"We worked hard every day to make this happen," said senior catcher Zach Funk, a four-year varsity player. "We have a great team chemistry because we know how hard we've worked and how far we've come."
Funk, second baseman Chris Gilcrest, and pitcher/outfielder Chris Guinta are part of a senior nucleus that has changed the culture of the program, Marcucci said. Those guys were freshmen when GCIT made the playoffs for the first time, losing by 10-1 to Haddon Heights in Group 2 action.
"I go back to that game," Marcucci said. "We fell behind early, but we kept battling. I think something changed that day."
From 2006 until 2010, the Cheetahs went 31-71, never won more than two division games in the Tri-County Conference, and generally were regarded as a soft spot on a lot of teams' schedules.
But they took a big step in 2011, posting a better-than-.500 record (11-10) and winning a playoff game (upsetting Cherry Hill West in Group 3) for the first time.
Last season was a breakthrough, as GCIT won 20 games and became the first boys' program in the school's history to reach a sectional final.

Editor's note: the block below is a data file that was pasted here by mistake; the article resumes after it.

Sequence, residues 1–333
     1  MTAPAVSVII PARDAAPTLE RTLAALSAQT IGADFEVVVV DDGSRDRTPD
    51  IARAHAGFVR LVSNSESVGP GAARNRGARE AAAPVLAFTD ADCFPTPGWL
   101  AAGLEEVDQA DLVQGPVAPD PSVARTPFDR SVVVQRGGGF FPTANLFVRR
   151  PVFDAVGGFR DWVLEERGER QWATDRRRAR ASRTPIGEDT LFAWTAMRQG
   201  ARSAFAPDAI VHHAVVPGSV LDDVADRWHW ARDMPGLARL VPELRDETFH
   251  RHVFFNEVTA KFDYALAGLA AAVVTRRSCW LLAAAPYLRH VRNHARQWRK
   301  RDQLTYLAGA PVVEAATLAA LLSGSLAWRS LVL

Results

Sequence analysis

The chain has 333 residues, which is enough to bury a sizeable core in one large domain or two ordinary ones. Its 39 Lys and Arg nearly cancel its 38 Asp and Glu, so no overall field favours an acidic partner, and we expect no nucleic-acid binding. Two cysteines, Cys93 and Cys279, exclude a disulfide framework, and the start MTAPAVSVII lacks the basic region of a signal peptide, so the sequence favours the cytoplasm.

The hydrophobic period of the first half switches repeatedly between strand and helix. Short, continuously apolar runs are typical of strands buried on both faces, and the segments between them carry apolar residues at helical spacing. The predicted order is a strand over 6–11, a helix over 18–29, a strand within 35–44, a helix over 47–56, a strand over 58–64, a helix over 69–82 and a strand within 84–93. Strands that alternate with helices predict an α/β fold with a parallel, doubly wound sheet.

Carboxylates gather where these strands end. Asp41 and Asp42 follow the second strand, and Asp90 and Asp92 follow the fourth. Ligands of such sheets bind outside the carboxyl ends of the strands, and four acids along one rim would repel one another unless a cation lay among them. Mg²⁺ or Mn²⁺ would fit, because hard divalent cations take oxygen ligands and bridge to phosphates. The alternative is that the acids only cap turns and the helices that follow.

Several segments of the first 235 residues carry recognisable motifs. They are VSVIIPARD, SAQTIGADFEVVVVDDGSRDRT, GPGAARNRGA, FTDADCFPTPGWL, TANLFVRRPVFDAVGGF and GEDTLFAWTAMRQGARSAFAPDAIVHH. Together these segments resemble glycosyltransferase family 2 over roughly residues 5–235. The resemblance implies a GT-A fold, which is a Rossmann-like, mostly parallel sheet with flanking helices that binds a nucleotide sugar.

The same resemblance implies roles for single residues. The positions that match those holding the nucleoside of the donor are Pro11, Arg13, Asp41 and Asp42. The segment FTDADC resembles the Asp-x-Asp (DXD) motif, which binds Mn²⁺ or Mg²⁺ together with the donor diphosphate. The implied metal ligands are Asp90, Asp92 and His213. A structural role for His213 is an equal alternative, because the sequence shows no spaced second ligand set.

"I didn't think we'd be this good," said junior pitcher/infielder Jake Danner, who could become the school's first boy athlete to earn a Division I scholarship.
"But every year we've gotten more and more good players and we've gotten better and better."
The 6-foot-1, 165-pound Danner has a fastball that has hit 90 m.p.h. He was 7-1 with a 1.31 ERA last season, striking out 51 in 48 innings.
Danner, who also batted .459 with 11 doubles, has drawn recruiting interest from Maryland, Rutgers, and Stony Brook, among other programs, and has made the radar of major-league scouts.
"It's a little overwhelming," said Danner, who lives in Gibbstown. "I'm just trying to stay focused on high school baseball."
Funk batted .350 last season with six triples. Gilcrest batted .356 and scored 32 runs. Senior Mike Macaluso batted .328 with nine doubles.
Junior Tom Kleinhans hit .369 and scored 28 runs, and sophomore Ryan McKinstry batted .375 with 26 RBIs.
"It seems like the last few years we've gotten a few young kids every year who can really play," Marcucci said.
Despite their recent success, the Cheetahs suspect that some in South Jersey still question their legitimacy. They are OK with that, too.
"We use it as motivation," Funk said. "Last year's success probably opened some eyes, but there probably are people out there who think we were a fluke and that don't expect much from us this season. We feel like we can compete with anybody."
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